It’s not a huge procedure, and there are not many adverse effects. Block describes his technique in an article in Pediatric Annals.
Bleeding is the most common complication but this is usually just a few drops and easily stopped with pressure. There has been a reported 3.7% recurrence rate of tongue-tie post frenotomy (Webb et al, 2013).
Two terrifying case studies describe two patients in Nigeria who sustained hypovolaemia secondary to profuse bleeding post-procedure. One had no indication for frenotomy and it had been carried out by a non-medically trained birth attendant; and the other was done using a new razor blade by a community health worker. Both babies were resuscitated successfully and discharged home within a week.
But essentially, if you do it correctly, all will be fine.
Many studies do show improvement of breast-feeding performance post frenotomy. Ballard et al (2002) looked at around 3000 babies and found 127 with tongue-tie. Their breast-feeding was assessed before and after frenotomy (except for 4 babies who did not have the procedure). All these babies suffered either poor latch or maternal nipple pain prior to frenotomy. In all cases where poor latch had been a problem prior to the procedure, post-frenotomy all the mothers reported improved latch. And in those with nipple pain there was a significant improvement in pain scores.
A more recent review in Archives of Disease in Childhood by Constantine et al (2011) reinforced this. The systematic review included 17 papers and agreed that nipple pain and latch seemed to improve post frenotomy. They also noted, however, that there was a lack of RCTs.
An RCT on 58 patients in 2011, randomised half of their infants with tongue-tie to receive frenotomy and the other half to receive a sham-surgery. The frenotomy group did show a significant improvement in breast-feeding and pain scores.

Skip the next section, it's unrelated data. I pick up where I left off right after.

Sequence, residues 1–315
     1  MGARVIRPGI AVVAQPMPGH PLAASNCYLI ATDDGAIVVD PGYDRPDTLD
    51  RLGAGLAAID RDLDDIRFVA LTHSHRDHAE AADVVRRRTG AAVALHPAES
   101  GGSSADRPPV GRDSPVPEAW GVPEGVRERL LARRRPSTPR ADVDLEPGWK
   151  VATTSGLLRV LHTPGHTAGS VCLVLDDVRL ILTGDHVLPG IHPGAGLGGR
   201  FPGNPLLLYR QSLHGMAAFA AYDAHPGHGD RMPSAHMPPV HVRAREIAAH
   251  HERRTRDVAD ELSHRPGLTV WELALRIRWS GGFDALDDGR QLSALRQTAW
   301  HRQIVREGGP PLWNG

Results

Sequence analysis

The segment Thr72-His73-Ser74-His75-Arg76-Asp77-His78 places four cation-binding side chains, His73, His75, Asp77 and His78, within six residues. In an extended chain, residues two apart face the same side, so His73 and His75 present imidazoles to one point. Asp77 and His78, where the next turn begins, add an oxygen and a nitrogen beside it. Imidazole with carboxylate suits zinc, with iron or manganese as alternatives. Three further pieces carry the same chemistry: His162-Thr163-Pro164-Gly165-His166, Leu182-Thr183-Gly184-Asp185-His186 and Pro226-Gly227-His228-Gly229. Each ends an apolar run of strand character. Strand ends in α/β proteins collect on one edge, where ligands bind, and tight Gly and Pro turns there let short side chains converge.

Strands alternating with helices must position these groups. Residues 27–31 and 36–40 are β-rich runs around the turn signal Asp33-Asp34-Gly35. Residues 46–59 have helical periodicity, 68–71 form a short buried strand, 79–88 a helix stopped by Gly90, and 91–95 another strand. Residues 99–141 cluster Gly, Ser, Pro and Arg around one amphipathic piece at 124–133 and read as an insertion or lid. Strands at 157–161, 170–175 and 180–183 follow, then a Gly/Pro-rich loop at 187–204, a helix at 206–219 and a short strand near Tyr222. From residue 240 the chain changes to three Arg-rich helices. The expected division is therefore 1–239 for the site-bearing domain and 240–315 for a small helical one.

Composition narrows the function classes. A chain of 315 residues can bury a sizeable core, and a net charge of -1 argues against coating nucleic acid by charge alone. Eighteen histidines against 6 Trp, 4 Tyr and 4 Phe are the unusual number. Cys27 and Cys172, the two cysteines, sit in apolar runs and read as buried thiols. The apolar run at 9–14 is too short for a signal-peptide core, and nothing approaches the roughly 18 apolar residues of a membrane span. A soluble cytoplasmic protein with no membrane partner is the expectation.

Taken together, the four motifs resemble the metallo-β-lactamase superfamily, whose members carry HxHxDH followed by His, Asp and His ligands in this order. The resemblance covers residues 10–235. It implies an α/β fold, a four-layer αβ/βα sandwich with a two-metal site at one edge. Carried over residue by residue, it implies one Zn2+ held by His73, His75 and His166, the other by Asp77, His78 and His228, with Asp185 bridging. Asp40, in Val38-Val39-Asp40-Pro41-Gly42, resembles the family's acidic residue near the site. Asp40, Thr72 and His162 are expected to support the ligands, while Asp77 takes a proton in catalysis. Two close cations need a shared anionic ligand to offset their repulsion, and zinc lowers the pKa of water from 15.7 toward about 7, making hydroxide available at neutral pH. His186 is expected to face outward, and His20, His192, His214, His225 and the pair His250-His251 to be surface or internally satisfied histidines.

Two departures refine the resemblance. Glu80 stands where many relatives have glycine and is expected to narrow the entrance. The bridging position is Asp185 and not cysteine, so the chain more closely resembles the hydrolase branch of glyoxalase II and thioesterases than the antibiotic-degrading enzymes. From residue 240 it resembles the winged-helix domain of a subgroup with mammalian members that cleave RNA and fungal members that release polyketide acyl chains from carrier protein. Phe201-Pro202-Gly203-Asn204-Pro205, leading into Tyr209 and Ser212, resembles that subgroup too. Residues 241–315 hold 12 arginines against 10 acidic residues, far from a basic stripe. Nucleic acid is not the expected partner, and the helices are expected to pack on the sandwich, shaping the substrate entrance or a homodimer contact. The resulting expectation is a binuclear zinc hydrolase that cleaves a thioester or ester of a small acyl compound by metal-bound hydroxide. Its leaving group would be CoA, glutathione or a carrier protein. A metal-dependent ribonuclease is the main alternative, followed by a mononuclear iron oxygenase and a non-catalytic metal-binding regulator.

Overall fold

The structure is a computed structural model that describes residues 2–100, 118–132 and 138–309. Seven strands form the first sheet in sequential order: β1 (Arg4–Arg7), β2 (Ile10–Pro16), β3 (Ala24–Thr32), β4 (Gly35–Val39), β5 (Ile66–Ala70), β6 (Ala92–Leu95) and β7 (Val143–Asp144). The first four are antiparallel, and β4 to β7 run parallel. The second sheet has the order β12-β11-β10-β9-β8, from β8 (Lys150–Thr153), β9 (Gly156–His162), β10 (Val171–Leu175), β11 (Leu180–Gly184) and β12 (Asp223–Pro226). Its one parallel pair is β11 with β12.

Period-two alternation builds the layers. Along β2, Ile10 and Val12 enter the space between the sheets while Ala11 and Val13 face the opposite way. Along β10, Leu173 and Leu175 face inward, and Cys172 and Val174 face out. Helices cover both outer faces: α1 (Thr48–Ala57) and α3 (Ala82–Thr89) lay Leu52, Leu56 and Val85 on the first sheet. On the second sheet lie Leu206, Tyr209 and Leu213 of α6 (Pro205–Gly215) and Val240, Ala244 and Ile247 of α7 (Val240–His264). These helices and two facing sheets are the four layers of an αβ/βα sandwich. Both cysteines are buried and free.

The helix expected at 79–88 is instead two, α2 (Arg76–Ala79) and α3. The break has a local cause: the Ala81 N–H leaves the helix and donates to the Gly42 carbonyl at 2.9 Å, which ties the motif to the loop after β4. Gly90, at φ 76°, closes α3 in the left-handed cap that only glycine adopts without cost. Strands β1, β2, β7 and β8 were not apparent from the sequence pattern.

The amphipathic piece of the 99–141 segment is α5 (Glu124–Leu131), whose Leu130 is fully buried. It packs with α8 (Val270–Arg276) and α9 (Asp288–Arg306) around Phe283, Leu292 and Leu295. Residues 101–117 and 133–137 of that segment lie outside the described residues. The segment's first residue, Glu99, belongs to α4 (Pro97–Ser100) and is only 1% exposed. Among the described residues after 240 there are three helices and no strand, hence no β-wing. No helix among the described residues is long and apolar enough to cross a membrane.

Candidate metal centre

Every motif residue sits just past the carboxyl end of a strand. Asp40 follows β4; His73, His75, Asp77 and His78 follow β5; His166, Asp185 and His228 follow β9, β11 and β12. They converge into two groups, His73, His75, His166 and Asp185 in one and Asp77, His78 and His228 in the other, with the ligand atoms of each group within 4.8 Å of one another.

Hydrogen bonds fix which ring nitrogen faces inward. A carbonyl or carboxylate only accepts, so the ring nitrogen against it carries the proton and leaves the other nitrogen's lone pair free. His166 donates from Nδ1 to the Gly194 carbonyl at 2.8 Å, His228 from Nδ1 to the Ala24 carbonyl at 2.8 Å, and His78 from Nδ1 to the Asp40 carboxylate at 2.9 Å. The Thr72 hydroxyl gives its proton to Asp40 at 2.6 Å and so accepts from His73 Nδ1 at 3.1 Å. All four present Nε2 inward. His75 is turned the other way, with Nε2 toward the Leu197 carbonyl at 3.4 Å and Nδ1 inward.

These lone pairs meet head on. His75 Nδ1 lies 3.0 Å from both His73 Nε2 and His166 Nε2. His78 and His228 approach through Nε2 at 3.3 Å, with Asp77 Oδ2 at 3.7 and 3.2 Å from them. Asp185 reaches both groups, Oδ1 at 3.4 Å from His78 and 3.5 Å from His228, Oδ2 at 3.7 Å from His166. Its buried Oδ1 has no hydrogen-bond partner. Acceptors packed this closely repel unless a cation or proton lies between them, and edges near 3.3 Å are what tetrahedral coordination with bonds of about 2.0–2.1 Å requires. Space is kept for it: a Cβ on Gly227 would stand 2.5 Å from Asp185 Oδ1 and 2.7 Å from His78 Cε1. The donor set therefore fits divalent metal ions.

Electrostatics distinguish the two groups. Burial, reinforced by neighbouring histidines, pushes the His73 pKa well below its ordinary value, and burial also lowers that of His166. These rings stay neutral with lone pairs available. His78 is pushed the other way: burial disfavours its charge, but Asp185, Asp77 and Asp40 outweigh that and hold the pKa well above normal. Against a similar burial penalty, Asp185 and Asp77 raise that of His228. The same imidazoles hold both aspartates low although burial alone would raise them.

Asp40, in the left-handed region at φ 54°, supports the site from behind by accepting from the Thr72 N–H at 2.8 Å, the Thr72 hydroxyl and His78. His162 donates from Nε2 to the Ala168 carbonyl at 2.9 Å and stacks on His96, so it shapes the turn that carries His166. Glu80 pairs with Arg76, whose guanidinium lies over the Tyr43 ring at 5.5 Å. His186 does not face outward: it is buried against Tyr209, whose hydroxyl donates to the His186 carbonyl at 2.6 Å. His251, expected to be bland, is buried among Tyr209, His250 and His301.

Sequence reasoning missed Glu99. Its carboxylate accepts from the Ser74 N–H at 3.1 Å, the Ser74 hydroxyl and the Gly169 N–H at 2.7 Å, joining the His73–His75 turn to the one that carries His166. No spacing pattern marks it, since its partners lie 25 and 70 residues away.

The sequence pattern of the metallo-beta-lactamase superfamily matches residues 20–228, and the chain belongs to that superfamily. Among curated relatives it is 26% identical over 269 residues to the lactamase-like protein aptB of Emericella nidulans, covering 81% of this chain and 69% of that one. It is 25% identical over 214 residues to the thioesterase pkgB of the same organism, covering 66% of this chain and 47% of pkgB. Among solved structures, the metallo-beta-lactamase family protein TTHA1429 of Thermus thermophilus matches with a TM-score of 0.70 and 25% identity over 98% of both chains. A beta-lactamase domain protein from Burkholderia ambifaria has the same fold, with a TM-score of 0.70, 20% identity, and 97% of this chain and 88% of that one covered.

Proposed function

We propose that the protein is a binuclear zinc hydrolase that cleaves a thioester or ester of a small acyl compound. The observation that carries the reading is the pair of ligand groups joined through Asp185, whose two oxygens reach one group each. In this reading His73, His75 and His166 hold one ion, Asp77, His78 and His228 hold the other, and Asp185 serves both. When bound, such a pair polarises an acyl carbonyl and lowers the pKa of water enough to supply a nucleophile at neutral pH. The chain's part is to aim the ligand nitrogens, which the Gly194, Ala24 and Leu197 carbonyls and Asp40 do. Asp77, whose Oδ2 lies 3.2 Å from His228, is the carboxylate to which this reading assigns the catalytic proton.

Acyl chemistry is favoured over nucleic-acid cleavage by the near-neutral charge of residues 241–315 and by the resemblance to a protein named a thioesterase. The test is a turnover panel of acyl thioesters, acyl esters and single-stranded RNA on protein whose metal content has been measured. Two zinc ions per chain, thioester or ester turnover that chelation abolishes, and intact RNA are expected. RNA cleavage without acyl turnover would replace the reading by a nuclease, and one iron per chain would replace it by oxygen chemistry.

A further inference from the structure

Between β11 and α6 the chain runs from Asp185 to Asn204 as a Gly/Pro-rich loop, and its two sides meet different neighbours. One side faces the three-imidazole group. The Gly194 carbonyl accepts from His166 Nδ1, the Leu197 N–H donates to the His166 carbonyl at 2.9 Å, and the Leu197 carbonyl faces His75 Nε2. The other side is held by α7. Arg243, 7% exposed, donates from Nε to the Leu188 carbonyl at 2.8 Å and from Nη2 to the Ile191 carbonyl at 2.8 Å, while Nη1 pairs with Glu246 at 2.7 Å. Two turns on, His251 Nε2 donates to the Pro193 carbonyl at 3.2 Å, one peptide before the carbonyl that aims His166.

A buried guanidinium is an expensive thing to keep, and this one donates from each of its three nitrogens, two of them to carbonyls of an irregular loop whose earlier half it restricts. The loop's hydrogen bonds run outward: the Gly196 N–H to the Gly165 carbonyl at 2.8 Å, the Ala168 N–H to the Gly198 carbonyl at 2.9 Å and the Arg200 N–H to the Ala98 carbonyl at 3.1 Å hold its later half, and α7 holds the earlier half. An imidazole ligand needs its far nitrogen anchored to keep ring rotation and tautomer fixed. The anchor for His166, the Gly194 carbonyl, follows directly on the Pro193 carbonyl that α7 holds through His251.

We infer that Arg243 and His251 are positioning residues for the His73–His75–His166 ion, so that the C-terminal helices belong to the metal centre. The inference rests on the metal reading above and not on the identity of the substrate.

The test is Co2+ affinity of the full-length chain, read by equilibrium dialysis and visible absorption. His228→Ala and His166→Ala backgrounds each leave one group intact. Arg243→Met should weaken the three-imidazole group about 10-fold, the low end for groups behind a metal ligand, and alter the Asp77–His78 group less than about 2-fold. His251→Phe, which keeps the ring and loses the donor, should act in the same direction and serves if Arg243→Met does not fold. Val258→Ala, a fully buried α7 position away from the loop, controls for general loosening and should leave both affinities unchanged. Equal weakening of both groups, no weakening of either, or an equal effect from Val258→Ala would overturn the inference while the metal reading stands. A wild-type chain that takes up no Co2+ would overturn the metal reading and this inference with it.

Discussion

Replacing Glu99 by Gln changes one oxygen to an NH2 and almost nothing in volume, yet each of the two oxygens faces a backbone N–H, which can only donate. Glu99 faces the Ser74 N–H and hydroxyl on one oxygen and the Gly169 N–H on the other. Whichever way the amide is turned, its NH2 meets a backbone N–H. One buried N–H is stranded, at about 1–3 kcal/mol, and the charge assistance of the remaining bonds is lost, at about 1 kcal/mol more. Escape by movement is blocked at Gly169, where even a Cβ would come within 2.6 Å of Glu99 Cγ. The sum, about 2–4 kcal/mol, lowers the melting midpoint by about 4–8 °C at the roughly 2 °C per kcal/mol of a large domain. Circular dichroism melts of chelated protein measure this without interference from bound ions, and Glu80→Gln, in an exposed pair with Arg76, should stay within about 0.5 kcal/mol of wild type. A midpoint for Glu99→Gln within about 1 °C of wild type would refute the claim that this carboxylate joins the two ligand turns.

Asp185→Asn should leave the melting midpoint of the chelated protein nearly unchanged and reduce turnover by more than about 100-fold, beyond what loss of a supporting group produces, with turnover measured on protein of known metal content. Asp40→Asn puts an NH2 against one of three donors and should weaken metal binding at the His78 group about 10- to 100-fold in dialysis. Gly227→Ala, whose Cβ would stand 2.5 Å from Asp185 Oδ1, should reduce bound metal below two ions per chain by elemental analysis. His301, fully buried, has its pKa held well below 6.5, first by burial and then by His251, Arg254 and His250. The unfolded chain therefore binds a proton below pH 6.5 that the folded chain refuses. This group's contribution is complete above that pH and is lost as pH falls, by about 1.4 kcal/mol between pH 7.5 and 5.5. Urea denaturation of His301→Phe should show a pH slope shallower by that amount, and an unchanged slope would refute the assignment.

This year, there was another RCT published (Emond et al, 2014). They took 107 babies (less than two weeks old) with tongue-tie and randomised them to either frenotomy or standard breast-feeding support. At 5 days post-randomisation, 17% of women in the non-intervention arm had opted for a frenotomy. Of those that remained untreated at 5 days, there was no difference in LATCH scores between the two group. But, by the second measurement period (8 weeks) only 15% of non-treatment group had not had a frenotomy, so there was limited useful statistics to be gleaned by that stage in the study.
So, the evidence in Emond et al showed no difference in breastfeeding at five days but, regardless of this, most parents still opted for a frenotomy. Interviews with these families revealed: immediate improvement with frenotomy; general worry around achieving successful breast-feeding; and concern about withholding a simple treatment from their child that may help.
The studies demonstrate extremely mixed results. There is nothing that clearly shows an improvement in breastfeeding post-frenotomy but it does seem as though babies with tongue-tie struggle more with breast-feeding. In general, mothers seem happier post-procedure with improved self-scoring on pain and latch, and qualitative interviews report immediate improvement. Improving the happiness of new mums also has knock on effects for the baby.
Anyone who has breastfed a baby knows that it is difficult and it is uncomfortable at the beginning. This is even more so if it’s your first child and you don’t have a clue what breastfeeding should feel like. Many women give up breastfeeding in the first few weeks. And for those who don’t give up, it is often difficult to begin with. Whether or not frenotomy impacts on this process is unclear.
It may be that those who have undergone a frenotomy feel more passionate about persisting with breastfeeding; or even more motivated due to having had an intervention. But it is not evident that less tongue-tie correlates with better breastfeeding.
In the words of the HATLFF author:
“Breast-feeding is a complex set of behaviors involving 2 people. My tool identifies only the deficits of those babies who have difficulty with one aspect of the breast-feeding relationship: the function of the tongue as a result of tongue-tie.”
In other words, even if tongue-tie has some effect on breastfeeding, it’s only a snippet of the whole picture.
However, frenotomy is only a minor procedure with no real risks to the baby, so if the family is keen to go ahead for the multitude of reasons discussed above, I cannot see why as doctors we would put our foot down and deny them this.
Emond A, Ingram J, Johnson D, Blair P, Whitelaw A, Copeland M, Sutcliffe A. Randomised controlled trial of early frenotomy in breastfed infants with mild–moderate tongue-tie. Arch Dis Child Fetal Neonatal Ed 2014;99:F189–F195.
Webb AN, Webba AN, Hao W, Hong P, The effect of tongue-tie division on breastfeeding and speech articulation: A systematic review, International Journal of Pediatric Otorhinolaryngology, 2013, 77:635–646.